Nature vs. Nurture: Study Shows the Perceived Gender Gap in Spatial Reasoning Skills May Be Cultural in Origin

The common perception is that, on average, men are better than women at mathematical reasoning. But an interesting new study in the journal Proceedings of the National Academy of Sciences finds that the gender gap in spatial reasoning abilities may be cultural rather than biological.

The study examined two tribes in northeastern India. The agrarian tribes live in close proximity in a rural area and are very similar genetically. The Karbi tribe is male-dominated. But in the Khasi tribe, the women own all the land and their family’s possessions. Daughters inherit the family’s property.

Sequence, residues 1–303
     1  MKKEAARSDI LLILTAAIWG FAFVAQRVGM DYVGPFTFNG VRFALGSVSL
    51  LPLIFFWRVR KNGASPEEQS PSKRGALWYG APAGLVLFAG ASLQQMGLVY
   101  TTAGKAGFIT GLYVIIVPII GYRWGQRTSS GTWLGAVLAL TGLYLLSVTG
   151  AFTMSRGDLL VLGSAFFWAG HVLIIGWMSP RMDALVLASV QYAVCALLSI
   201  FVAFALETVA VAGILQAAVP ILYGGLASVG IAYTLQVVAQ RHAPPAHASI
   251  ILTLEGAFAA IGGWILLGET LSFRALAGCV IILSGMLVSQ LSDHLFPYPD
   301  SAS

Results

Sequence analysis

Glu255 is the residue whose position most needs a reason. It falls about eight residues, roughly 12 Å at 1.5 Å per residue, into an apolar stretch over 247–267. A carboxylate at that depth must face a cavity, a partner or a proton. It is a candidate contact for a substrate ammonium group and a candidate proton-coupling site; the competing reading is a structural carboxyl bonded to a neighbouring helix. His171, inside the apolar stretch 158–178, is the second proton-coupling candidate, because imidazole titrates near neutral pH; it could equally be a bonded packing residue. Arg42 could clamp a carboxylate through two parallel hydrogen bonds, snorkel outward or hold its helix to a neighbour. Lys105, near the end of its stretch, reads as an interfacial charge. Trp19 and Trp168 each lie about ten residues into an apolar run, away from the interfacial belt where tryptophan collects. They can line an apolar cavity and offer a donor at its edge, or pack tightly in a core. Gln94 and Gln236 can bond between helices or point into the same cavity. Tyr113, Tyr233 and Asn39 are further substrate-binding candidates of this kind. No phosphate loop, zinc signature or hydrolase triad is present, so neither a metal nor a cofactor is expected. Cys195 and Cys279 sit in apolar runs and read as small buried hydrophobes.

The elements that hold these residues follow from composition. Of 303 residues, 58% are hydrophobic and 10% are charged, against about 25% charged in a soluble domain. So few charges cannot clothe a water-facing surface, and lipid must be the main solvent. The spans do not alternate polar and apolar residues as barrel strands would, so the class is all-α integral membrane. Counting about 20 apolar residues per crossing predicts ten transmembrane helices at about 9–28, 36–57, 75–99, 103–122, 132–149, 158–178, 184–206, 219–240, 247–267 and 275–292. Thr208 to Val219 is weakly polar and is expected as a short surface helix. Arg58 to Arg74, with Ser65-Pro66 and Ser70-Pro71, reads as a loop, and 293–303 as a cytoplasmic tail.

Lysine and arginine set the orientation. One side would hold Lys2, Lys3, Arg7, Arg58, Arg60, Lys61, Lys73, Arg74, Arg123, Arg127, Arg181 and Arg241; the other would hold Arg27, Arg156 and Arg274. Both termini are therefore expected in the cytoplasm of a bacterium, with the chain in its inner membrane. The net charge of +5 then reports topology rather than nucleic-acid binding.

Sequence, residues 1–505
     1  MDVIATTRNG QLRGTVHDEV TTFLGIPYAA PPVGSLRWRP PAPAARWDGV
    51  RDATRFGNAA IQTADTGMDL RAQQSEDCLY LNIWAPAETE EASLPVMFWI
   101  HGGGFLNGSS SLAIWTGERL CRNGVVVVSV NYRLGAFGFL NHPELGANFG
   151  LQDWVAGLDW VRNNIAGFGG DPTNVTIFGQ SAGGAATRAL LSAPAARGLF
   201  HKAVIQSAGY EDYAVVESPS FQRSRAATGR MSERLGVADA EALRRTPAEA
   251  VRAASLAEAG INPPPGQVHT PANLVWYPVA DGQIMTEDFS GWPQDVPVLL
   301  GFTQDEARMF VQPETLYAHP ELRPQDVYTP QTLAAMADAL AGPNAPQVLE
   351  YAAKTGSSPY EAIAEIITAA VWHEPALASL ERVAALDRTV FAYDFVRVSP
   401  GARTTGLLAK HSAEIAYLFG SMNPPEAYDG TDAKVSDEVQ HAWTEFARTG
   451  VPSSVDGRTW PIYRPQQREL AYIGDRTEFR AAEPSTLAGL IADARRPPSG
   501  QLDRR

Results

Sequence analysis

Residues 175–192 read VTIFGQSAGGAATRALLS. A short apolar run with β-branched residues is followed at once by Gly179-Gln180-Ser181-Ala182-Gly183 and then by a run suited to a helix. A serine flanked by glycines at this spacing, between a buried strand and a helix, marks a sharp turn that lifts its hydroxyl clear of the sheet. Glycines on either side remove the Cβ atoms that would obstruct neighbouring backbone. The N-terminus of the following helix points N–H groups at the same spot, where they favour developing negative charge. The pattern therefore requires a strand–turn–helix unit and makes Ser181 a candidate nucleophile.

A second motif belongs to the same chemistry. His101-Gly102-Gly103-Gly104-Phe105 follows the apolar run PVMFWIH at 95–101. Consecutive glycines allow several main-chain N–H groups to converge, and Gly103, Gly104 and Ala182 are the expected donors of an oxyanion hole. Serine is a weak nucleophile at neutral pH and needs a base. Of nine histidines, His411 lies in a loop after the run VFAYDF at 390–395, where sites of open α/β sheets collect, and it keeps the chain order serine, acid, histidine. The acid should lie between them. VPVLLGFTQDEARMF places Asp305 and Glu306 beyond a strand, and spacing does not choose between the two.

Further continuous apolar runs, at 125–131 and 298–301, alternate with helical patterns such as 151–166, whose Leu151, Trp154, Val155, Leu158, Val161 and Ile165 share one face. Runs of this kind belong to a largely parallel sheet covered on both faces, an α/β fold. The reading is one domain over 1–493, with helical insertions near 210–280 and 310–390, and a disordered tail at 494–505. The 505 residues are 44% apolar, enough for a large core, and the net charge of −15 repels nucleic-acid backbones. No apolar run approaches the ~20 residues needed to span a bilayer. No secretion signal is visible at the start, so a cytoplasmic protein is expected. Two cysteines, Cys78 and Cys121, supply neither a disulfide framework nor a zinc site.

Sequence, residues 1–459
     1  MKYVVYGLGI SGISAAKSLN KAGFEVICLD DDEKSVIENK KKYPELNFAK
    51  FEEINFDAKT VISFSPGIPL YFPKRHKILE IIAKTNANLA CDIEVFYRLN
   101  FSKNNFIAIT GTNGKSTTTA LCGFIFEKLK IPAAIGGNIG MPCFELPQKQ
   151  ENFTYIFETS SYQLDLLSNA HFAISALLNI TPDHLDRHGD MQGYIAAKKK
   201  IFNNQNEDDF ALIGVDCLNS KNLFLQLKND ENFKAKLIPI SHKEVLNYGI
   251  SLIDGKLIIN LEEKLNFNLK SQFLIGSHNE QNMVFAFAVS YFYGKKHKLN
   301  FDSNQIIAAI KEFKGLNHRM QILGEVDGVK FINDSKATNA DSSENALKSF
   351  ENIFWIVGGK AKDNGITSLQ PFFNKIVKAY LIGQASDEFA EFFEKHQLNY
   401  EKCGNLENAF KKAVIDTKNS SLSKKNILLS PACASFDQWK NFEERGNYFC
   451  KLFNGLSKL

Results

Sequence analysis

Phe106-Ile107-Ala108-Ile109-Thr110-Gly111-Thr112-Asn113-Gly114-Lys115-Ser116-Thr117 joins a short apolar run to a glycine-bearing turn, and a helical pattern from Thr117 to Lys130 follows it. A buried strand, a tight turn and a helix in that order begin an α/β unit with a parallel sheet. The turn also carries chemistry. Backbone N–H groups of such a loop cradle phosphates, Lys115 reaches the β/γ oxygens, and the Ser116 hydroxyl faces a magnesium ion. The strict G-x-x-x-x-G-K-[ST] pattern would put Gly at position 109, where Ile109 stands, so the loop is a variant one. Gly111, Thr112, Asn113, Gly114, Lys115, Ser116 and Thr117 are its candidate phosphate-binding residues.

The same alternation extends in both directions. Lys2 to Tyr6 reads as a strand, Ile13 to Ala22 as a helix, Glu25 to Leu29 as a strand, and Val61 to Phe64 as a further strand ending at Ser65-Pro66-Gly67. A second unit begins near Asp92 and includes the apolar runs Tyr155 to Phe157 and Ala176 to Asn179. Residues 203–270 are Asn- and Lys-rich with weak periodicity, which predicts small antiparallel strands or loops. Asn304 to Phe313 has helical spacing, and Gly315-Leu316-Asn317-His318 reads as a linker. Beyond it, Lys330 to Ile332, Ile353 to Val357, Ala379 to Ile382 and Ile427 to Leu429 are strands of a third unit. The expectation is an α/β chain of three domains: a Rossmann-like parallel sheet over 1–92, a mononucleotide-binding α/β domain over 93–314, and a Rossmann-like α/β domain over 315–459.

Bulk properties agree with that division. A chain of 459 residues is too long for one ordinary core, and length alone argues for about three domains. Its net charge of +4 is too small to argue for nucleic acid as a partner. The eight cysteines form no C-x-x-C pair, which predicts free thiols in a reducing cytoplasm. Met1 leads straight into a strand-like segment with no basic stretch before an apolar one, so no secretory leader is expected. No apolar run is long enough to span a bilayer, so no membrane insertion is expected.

Researchers gave villagers in both tribes a three-dimensional puzzle that they were asked to solve. In the male-dominated Karbi tribe, men took 35 percent less time to solve the puzzle. In the Khasi tribe, there was no gender difference in the time it took to solve the puzzle.

The authors of the study admit that their experiment demonstrates that cultural influences impacted spatial reasoning skills solely on the one minor task presented to the two tribes and that generalizations cannot be assumed. But they assert that their results “show the role of nurture in the gender gap in cognitive abilities.”

Filed Under: Research/Study

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